I am so glad I have managed to press pause on this. And in doing my clear out I also rediscovered pieces. A Fran & Jane dress I wore on my 18th birthday and felt like a goddess that night in. A French Connection silk dress that I wore to another 18th until my friend puked on me and then I dislocated my finger… okay, maybe not the best memory in the actual wearing, but I had it dry cleaned and then put it away never to be worn again. Maybe I should try? Ok, well maybe that one is out… post-puke dress is a hard one to love even for my shop-less self.
But the other thing is that this no shop is causing me to muster up all of my creative juices. Two handbags, both Marc Jacobs, have had new life breathed into them by the master that is Andrew Farrell at Handbag Therapy on Dublin’s Charlemont Street. He re-dyed the leathers and cleaned the interior so they feel like new, they bring me joy, but they are old, old, old!
A beautiful yellow dress that I wore to last year’s Peter Mark VIP Style Awards and subsequently wore to Coppers… (!) (and in doing so wrecked the bottom which got covered in…. well I think it was mud) is currently in a Zip Yard, undergoing a transformation. I am going to turn it from maxi to midi and make a change or two on the neckline. It’s exciting and fun to be part of this re-design which will leave me with a unique piece that no one can buy. Pretty cool.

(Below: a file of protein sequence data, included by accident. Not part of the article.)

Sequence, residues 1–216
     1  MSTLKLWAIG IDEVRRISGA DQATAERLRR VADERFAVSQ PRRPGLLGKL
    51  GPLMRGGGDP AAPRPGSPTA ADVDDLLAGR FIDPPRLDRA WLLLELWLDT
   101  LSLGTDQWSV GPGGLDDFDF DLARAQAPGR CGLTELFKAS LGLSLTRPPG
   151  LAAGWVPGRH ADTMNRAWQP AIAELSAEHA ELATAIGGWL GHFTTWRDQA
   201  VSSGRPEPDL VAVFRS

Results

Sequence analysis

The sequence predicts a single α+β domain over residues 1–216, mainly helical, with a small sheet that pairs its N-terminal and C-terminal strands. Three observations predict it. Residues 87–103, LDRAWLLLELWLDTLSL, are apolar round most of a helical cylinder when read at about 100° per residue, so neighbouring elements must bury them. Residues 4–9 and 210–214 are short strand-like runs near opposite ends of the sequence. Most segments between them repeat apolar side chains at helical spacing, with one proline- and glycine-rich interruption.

And perhaps the most profound thing I have learned? I am not less valued by the people that love me, or less successful in doing the thing that I love which is putting outfits together. Now, people might say, ‘Oh I have always loved the dress on you’ and I take pride in being a repeater in a dress that I utterly adore. I find myself more at ease with my wardrobe which has kicked its side career as a sartorial conveyor belt.
Now, I really know what is there. I also don’t have any of those dreaded impulse buys lurking around, you know the ones, the piece you manically bought for that event only to wear it once and never wear it again. Now, they all hold weight because nothing new is coming in anytime soon. So I’ll find myself suddenly made to think, ‘Ah, well if I put that dress with that jumper, that could be kind of cool.” Finding the joy in what I already own. So to finish, going cold turkey on shopping has not been so bad – in fact, I’d definitely recommend it!
Elle’s No Shop Tips
When you can’t buy you just work with what you have
So, if you have a bag that you adore but it’s looking worse for wear, bring it into Handbag Therapy for a re-dye and clean. Just like new
Buy a rail
A style queen once advised me: If you can’t see it, you won’t wear it. So unearth that wardrobe… you’ll find so many possibilities you already own
Don’t be fazed by trends
They come and go. Look to your classic pieces for flawless outfit options and expect plenty of admiring glances
Do a clear out and be ruthless
The most stylish women I know swear by regular clear outs so even if you’re not taking in new pieces, keep checking in on the old and if it’s not getting worn or does not bring you joy throw it out already!